High-performance computing (HPC)—which leverages “supercomputers” and massively parallel processing techniques to solve complex computational problems through computer modeling, simulation, and data analysis techniques—represents a strategic, game-changing technology with tremendous economic competitiveness, science leadership, and national security implications for the United States. But as competitor countries dramatically increase their investments in HPC systems and technologies, future U.S. leadership in HPC is no longer assured.
The Center for Data Innovation and the Data Coalition hosted a panel discussion about the future of open government data in the United States.
Open data—data that is made freely available to use without restrictions—serves as a platform for innovation in the public and private sectors that supports $1.1 trillion in annual economic value, helps solve some of the country’s most pressing social challenges, and introduces unprecedented levels of transparency to government operations.
Every day, Internet users generate millions of new posts on blogs, social networks, and e-commerce platforms to share their opinions and feedback with others. However, some individuals have found their rights under assault as they are threatened with meritless lawsuits introduced for the sole purpose of silencing their voices.
As a steady stream of advancements in encryption have made products and services more secure for consumers and businesses, some members of the law enforcement and intelligence community have grown concerned that these innovations will inhibit their ability to prevent terrorism and prosecute crimes. While these advancements will undoubtedly impact how the government fights crime and terrorism, attempts to limit encryption are impractical, create new cybersecurity vulnerabilities, and make it more difficult for U.S. companies to compete abroad.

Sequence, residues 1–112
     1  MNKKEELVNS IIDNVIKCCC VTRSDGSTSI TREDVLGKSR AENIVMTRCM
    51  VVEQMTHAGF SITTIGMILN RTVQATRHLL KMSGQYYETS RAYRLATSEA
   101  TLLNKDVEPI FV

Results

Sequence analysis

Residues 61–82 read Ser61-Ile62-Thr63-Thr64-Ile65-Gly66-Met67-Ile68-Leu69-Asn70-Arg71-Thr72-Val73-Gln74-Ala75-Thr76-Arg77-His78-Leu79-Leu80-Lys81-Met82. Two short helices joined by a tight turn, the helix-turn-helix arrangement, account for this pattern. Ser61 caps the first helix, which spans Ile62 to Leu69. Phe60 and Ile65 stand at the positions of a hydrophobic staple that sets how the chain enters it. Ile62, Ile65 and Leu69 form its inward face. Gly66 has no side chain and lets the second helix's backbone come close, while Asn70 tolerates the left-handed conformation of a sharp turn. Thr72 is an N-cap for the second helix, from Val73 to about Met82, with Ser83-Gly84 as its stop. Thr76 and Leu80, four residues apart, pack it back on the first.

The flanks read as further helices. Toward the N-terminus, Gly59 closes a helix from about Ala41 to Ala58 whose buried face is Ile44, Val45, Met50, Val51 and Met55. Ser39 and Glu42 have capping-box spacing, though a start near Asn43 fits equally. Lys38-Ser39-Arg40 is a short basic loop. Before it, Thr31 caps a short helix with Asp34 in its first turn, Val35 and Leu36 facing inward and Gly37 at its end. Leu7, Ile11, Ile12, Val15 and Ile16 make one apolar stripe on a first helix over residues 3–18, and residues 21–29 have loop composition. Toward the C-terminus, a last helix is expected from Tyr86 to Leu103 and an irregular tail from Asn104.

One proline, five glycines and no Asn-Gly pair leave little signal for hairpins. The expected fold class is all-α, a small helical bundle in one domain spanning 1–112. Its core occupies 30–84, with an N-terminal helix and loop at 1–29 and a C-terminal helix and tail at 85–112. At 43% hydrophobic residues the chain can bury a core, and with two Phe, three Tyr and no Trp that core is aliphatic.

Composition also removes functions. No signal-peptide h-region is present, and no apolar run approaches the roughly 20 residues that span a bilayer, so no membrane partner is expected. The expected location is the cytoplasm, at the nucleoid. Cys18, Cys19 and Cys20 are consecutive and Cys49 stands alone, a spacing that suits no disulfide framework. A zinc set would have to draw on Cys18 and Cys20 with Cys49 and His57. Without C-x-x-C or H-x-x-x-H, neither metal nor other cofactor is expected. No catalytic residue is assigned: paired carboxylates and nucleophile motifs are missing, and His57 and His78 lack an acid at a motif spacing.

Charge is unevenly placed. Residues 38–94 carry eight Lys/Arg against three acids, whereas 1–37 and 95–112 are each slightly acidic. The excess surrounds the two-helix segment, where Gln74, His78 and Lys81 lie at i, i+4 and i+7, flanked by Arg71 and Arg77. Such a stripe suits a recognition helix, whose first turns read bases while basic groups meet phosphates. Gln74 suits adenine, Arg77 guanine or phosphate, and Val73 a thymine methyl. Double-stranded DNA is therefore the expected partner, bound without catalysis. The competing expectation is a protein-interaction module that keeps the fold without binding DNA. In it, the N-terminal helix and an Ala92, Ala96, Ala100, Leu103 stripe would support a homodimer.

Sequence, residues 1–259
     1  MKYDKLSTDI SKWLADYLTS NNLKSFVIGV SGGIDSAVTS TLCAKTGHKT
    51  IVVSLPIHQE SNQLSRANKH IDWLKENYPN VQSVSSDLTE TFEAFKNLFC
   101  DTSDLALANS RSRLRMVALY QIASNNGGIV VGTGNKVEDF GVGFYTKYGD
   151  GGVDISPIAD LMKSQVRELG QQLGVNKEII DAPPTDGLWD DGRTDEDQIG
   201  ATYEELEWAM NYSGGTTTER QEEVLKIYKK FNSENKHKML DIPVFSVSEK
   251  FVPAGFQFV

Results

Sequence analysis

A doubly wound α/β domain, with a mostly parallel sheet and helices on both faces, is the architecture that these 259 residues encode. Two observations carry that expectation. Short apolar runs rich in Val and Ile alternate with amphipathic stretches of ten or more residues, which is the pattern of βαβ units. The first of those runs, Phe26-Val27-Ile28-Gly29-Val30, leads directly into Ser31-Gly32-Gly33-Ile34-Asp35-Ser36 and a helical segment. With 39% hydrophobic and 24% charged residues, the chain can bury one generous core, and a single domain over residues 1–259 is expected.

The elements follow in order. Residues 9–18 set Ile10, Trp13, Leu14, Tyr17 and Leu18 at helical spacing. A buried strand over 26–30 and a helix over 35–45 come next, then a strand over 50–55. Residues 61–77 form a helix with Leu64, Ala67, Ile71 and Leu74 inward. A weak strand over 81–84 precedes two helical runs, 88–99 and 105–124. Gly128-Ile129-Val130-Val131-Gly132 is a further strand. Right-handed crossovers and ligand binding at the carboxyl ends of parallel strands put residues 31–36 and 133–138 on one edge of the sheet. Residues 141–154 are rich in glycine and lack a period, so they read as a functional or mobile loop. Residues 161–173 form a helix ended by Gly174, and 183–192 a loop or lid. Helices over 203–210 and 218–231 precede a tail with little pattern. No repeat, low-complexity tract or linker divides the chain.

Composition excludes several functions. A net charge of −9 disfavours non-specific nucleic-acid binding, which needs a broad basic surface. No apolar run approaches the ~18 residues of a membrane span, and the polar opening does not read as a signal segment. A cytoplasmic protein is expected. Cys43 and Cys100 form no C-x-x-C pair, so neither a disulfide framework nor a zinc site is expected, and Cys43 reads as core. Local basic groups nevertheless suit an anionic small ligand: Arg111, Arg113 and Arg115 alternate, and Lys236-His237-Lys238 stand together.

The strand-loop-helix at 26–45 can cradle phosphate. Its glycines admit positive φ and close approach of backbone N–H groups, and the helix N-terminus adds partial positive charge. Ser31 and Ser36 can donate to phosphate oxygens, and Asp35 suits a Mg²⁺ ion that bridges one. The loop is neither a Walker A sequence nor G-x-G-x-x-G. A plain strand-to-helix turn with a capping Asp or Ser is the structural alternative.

From the Telegraph to the Smartphone: The History of Electronic Innovations and the Creators Behind Them
When we gaze at our smart phones or tap away on our computers, it is easy to take for granted the miracle of electronic innovation. But behind every one of these devices is the story of a creator who conceived it. Please join ITIF for a discussion with Derek Cheung, a Ph.D.
In fields ranging from genomics to quantum physics, researchers are increasingly using data-intensive computing to generate new insights and discoveries. Because of the volume of data involved in this research, scientists often store, analyze, and share it in the cloud. By leveraging the nearly infinite scale and tremendous computer power available in the cloud, they also are developing novel analytics tools and conducting more open and collaborative research that is accelerating the growth of scientific knowledge.
The rapidly growing data economy presents an enormous opportunity for Europe to increase productivity and competitiveness. Public sector institutions alone could save more than €100 billion annually from increased use of data. Moreover, data-driven innovation will likely play a key role in addressing a wide array of the most important challenges facing Europe, from supporting an ageing population to improving domestic security to combating human trafficking.
How the Internet is governed will change significantly in the year ahead, as the U.S. government anticipates relinquishing its oversight of key technical functions to ICANN and China launches a competing institution to encourage greater state control of the Internet. This creates significant uncertainty and raises important questions for stakeholders around the world. Does ICANN have the institutional capacity and leadership ability to take on its new role? How will the rapidly changing environment impact Internet policy in coming years? And who will be the biggest winners and losers?
With the launch of the FAA’s drone registry and forthcoming rules, this year will likely be a turning point in the development of unmanned aircraft systems in the United States. As this technology proliferates, policymakers will be grappling with many important questions, such as how to protect consumer safety and security and whether to set rules at the federal level or state level? How will these new rules affect commercial drone usage? And how can policymakers expedite the arrival of drone delivery services for consumers?